Progress made by UVU women’s basketball sets up new possibilities

Progress made by UVU women’s basketball sets up new possibilities

Alyssa Synakowski @synakowsk

Las Vegas was the city of stolen dreams for Wolverine athletics fans this year. Utah Valley women’s basketball had to pack its bags after the first round of the Western Athletic Conference tournament to return home to Orem following a disappointing 65-63 overtime loss to Bakersfield.

The mental growth of the players was evident early on in the game, and all the memories of playing and losing 66-51 to Bakersfield just four days prior to the contest had been erased.

Sam Loggins had the game of her career by scoring 28 points and pulling down 12 rebounds. Rhaiah Spooner-Knight added 10 points and 17 rebounds, a new career-high.

The Wolverines, 7-23 for the year and 4-12 in conference play, showed remarkable growth on the season in somewhat of a rebuilding year.

It was a team that came into the season in a new conference, without former Great West Conference two-time Player of the Year Sammie Jensen, and had six incoming freshmen to add to an overall inexperienced team.

UVU had multiple hard-fought battles, losing 13 games by 10 points or less and eight games by four points or less.

Coach Cathy Nixon saw the losses as a good thing for her young team.

“Overall, those experiences and those games I think will be for our better,” she said. “The girls, this year, did use them I think to get better and to learn.”

Katie Kuklok, a sophomore transfer, played her first minutes with the team this year and shot 93 percent from the free-throw line and 43 percent behind the arc for 16 points per game.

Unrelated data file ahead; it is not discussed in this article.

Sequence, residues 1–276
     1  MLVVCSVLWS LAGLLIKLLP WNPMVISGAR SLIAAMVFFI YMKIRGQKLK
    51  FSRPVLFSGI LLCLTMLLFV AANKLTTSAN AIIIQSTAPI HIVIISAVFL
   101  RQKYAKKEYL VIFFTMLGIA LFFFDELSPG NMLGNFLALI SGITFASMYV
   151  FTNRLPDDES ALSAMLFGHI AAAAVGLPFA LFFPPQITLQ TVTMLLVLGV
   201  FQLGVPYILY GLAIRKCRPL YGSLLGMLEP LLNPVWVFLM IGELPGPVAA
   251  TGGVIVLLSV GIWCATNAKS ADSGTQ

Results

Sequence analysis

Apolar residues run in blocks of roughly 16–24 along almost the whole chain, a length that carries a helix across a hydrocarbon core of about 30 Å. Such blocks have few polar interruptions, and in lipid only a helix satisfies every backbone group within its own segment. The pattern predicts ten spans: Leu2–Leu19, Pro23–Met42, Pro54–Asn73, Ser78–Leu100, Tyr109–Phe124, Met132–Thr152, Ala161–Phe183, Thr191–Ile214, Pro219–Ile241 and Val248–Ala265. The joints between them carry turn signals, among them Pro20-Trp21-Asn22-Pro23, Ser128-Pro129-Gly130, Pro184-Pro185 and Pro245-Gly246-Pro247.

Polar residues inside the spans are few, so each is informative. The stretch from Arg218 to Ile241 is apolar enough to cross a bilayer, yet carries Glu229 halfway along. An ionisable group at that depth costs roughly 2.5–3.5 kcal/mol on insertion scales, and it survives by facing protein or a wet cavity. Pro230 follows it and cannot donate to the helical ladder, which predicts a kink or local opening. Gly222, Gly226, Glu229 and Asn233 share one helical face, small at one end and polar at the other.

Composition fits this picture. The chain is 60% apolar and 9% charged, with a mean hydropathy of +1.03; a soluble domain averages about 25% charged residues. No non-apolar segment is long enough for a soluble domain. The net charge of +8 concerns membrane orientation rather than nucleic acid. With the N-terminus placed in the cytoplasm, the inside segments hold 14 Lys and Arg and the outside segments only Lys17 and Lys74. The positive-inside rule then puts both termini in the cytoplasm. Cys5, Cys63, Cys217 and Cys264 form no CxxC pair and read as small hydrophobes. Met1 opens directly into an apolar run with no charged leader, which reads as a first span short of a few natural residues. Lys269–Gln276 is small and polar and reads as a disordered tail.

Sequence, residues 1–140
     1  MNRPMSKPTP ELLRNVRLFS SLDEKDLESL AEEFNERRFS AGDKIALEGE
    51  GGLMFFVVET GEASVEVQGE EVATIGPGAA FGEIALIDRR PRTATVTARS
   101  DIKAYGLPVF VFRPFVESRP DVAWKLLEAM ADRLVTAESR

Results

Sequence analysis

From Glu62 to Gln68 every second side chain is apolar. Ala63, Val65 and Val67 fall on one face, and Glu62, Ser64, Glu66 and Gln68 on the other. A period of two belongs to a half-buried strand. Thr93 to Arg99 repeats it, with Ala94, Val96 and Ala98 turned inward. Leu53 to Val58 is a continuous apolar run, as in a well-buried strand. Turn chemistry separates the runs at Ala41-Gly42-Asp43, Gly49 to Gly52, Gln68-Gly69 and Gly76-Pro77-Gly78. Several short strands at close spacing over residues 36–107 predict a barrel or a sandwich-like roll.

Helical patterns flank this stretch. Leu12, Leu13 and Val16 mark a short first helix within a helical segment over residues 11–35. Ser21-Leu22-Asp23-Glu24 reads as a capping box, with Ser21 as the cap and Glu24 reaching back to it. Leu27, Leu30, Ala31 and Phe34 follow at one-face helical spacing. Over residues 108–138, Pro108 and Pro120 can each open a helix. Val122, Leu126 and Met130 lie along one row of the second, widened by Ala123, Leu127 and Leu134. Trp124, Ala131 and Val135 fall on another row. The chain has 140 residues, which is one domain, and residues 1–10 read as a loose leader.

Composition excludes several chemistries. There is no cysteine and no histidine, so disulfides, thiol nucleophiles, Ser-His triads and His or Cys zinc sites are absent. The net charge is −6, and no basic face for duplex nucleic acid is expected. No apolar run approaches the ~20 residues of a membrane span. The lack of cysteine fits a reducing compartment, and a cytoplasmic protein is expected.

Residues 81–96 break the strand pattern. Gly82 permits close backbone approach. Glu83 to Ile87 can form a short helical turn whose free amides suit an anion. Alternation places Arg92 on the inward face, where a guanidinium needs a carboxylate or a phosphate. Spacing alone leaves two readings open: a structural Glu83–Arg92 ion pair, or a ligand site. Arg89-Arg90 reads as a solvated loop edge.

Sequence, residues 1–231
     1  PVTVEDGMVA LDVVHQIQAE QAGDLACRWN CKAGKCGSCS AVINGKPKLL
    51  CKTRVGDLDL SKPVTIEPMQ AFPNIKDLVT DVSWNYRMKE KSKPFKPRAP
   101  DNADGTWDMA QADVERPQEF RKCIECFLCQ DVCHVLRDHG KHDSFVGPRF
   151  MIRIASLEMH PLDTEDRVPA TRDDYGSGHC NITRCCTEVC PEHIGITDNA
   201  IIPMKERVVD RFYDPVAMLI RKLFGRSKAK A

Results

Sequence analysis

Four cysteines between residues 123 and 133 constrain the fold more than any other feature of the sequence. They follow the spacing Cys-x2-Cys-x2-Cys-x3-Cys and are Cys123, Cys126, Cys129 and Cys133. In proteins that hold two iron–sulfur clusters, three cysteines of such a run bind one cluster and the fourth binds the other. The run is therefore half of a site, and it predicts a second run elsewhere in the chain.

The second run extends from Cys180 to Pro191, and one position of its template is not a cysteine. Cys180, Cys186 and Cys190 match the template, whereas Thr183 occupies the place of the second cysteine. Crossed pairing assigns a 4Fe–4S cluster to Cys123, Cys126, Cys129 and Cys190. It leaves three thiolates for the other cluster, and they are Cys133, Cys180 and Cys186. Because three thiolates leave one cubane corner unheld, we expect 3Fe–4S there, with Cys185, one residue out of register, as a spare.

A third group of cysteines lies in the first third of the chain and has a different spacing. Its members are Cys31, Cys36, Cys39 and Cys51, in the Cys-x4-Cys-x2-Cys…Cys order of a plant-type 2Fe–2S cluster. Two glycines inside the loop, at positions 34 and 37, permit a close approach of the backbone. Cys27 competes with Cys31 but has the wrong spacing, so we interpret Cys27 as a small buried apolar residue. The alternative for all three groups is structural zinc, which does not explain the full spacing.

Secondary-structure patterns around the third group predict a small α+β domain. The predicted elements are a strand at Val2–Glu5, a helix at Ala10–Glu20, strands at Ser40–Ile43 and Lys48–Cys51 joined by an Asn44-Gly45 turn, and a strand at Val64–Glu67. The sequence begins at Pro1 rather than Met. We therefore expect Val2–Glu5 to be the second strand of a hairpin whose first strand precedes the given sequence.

Kuklok was plagued by injuries and played limited minutes in some games, leaving the team without her shooting capabilities.

In mid-February, UVU was finally able to get its starting lineup healthy and playing together. The result was three back-to-back WAC wins, including a victory in Las Cruces against New Mexico State.

“We were getting experience and the girls learned how to win those games,” Nixon said. “Another factor that came into play was we had a little more healthy of a team. That was the first time we had our starting five together and healthy. It just took some time.”

Freshmen experienced increased playing time, albeit with significant responsibility on their shoulders. Sophomores who were on the team the prior year but weren’t necessarily heavily involved in game plans also had to step up.

Loggins, a 6-foot-5 sophomore center, appeared in 23 games in her freshman year and logged 6 minutes a game. She struggled early in the season to use her size as an advantage over smaller opponents.

As the season progressed, Loggins began to become more assertive in the paint, backing up defenders while on offense and calling for the ball.

“It’s so satisfying for me to see her put it all together really at the best time,” Nixon said. “That was one of the highlights of my coaching career in terms of watching a player come to her potential. Sam came in here raw but she was able to learn.”

Nixon attributes Loggins’ stellar improvement to Loggins working with the strength and conditioning coach over the summer and putting in extra hours throughout the season to get better.

Which led up to her monster performance against Bakersfield to end the season.

With the 2013-14 season over, fans can now look back at the growth of UVU’s team and become excited for the future of a team that has both youth and experience. There is no ceiling for this group of student-athletes.

 

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